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Psychiatrist’s Perspective on Substance Abuse

Treatment and early identification of addiction can significantly enhance outcomes.
07:47 AM Jun 27, 2024 IST | Guest Contributor
psychiatrist’s perspective on substance abuse

Substance abuse, or drug addiction, involves many psychological, social, and biological components. Understanding these aspects is essential to effective management and prevention. The following are some fascinating facts that the general public may learn from a psychiatrist regarding addiction and its treatment:


  • Addiction is a complex disease that presents as a persistent, recurrent brain issue characterized by compulsive drug or substance use despite harmful consequences. It doesn't suggest weakness or a lack of willpower. Addiction affects the brain's reward system and leads to changes in behavior, judgment, and self-control.
  • Everyone is susceptible to addiction: Addiction can affect people of different ages, genders, financial statuses, and cultural origins. It can also apply to prescription medications, alcohol, and other legal substances as well as leisure pursuits like gambling and gaming. It is not exclusive to illicit substances.
  • Individuals with mental health disorders, personality traits, and poor coping mechanisms are at higher risk for substance abuse. Mental health disorders like depression, anxiety, PTSD, and ADHD can lead to self-medicating substance use. Personality traits like impulsivity and stress-seeking are also linked to increased substance abuse. Poor coping mechanisms can lead to substance use as a means of escape.
  • Early action is necessary. Treatment and early identification of addiction can significantly enhance outcomes. Early intervention can reduce harm, stop addiction from getting worse, and raise the chance that recovery and treatment will be effective.
  • Addiction is a condition that may be treated, thus recovery is possible. Various therapy approaches may be employed, contingent upon the substance or behavior under consideration and the individual's specific needs. Comprehensive treatment typically combines behavioral therapies, medication, psychotherapy, and support groups.
  • Medicines can aid in recovery: Medications can play a crucial role in the treatment of addiction. The possibility of a successful recovery can be increased by controlling withdrawal symptoms, reducing cravings, and restoring brain function. However, medication-assisted treatment has to be part of a comprehensive care plan and under close supervision from a medical professional at all times.
  • Addiction is effectively treated using behavioral therapy. Cognitive-behavioral therapy (CBT), motivational interviewing, and contingency management are a few behavioral therapies that are effective in treating addiction. These treatments help patients recognize and change the attitudes, beliefs, and behaviors related to substance use, as well as create more resilient coping mechanisms.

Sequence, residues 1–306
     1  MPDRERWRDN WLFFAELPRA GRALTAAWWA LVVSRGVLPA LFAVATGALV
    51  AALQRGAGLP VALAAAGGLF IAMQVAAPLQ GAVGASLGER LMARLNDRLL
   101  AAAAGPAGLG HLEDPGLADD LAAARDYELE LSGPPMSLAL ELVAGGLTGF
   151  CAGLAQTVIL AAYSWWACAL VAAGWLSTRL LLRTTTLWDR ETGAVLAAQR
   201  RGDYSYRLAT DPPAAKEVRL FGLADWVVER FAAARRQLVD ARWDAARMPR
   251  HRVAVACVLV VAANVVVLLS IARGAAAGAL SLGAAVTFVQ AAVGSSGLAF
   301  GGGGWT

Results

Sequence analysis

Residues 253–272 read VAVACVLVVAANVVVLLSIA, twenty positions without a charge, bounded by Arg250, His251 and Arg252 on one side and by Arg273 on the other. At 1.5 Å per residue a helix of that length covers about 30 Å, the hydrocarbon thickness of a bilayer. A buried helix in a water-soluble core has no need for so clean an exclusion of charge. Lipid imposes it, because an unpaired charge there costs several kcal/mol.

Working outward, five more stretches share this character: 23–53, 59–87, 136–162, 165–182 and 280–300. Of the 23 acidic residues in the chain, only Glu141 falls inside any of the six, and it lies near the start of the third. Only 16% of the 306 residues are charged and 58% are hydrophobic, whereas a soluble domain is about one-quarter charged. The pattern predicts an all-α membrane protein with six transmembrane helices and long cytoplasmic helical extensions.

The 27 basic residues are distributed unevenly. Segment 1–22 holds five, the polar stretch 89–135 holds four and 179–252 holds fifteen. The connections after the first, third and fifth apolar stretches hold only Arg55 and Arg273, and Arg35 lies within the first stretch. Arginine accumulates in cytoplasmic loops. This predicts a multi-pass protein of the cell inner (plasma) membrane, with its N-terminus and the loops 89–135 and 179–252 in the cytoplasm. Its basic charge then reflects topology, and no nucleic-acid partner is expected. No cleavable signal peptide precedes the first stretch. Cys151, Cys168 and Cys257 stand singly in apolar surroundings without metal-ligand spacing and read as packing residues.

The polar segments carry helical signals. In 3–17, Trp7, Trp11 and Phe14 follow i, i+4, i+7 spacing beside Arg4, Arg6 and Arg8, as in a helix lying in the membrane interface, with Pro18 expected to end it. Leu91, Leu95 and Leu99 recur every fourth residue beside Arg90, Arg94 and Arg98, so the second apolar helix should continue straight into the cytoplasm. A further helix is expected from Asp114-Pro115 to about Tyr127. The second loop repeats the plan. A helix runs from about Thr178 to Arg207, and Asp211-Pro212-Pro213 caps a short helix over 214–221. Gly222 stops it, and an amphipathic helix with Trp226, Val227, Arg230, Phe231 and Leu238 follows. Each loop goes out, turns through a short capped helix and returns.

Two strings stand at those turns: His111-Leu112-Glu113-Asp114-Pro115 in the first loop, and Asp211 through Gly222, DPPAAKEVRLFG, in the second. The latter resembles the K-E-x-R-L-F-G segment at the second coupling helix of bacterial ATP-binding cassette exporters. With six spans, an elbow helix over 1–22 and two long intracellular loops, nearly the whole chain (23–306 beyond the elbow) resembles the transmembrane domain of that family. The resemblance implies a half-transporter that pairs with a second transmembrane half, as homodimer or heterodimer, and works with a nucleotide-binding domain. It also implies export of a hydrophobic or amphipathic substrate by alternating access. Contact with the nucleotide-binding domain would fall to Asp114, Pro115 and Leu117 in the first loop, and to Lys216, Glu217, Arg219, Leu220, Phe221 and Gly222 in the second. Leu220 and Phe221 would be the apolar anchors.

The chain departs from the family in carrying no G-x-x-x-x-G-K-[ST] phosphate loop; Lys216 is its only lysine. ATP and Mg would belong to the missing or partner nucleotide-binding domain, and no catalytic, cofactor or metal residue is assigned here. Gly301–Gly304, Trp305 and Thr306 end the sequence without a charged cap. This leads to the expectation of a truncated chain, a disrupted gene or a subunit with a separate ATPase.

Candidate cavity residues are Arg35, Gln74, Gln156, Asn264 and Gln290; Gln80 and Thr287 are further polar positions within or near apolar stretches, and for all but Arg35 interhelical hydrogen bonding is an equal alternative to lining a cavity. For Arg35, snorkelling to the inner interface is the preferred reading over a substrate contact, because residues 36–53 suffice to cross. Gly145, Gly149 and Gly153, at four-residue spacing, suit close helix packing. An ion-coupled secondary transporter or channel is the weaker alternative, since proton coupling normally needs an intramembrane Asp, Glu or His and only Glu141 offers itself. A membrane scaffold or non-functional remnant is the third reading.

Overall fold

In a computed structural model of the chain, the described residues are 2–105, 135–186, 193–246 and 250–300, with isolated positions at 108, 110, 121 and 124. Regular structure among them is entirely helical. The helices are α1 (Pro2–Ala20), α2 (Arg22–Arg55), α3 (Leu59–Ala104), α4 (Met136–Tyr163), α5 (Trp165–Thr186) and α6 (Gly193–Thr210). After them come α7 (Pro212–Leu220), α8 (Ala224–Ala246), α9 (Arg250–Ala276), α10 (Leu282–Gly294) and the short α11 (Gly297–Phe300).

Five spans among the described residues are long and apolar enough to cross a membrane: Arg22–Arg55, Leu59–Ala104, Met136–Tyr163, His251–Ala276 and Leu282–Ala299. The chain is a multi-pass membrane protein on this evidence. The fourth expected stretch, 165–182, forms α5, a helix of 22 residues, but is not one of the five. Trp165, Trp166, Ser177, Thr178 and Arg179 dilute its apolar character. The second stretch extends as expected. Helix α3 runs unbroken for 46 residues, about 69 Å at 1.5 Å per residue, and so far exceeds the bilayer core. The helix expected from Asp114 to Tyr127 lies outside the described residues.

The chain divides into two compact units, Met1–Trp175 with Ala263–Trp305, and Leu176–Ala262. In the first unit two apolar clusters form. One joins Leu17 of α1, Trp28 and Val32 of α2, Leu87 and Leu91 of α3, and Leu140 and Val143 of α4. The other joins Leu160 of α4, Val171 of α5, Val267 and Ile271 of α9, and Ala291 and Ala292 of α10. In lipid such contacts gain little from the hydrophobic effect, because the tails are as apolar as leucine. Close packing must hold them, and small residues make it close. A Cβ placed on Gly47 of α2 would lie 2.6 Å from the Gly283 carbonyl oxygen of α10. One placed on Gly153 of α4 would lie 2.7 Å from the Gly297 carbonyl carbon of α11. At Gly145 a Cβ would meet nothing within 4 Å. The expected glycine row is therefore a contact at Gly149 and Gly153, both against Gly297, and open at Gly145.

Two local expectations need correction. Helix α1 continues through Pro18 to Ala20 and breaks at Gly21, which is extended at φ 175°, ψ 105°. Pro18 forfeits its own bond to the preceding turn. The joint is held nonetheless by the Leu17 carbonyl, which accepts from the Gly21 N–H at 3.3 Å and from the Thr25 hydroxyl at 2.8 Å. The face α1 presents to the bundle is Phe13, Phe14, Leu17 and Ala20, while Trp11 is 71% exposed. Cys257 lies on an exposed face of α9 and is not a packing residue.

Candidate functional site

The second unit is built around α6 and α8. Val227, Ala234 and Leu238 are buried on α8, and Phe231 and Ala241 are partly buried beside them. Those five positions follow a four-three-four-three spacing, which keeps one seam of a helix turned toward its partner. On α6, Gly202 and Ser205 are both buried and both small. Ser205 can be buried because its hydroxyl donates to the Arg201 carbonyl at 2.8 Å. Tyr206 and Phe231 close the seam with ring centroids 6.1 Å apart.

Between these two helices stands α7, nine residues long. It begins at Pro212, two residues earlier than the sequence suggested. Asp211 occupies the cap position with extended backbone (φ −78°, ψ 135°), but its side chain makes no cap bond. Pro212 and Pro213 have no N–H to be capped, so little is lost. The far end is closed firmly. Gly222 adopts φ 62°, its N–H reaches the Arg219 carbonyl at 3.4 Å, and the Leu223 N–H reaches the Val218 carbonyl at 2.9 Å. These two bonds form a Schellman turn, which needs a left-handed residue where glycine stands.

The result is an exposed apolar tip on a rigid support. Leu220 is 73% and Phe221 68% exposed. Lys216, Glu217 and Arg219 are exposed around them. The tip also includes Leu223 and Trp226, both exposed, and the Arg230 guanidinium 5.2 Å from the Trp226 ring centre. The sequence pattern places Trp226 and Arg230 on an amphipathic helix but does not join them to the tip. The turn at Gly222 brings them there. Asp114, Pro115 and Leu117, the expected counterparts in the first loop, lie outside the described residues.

• Establishing supporting settings is essential: Creating a supportive environment is necessary for a complete recovery. This could mean participating in support organizations (such as Alcoholics Anonymous or Narcotics Anonymous), reaching out to friends and family for assistance, joining encouraging social media networks, or undergoing inpatient or outpatient therapy.
  • Relapses can happen at any point during the healing process: persons who are attempting to recover often have relapses. Relapse needs to be viewed as a setback as opposed to an incapacity. Relapses can provide valuable information regarding triggers and areas of therapy that need further attention. It is essential to seek support and assistance as soon as possible in order to get back on track.
  • Dual diagnosis and co-occurring disorders: A large number of addicts also experience co-occurring mental health issues including PTSD, depression, or anxiety. In addition to treating the addiction, treating the co-occurring disorder is essential for a successful recovery. Integrated therapy techniques that target both issues at the same time usually yield better outcomes.
  • Recovery from addiction is a lifelong process: Addiction recovery takes a lifetime of work. It requires ongoing commitment, maintenance, and assistance. It's vital to develop healthy coping mechanisms, look after oneself, manage stress, and engage in activities that improve overall wellbeing.

Understanding the psychological aspects of substance misuse is essential to developing effective prevention and treatment strategies. A comprehensive approach that includes behavioral therapy, early intervention, education, medication, and support networks can help individuals achieve and maintain recovery.


BY Dr Sheikh Shoib, a Psychiatric Consultant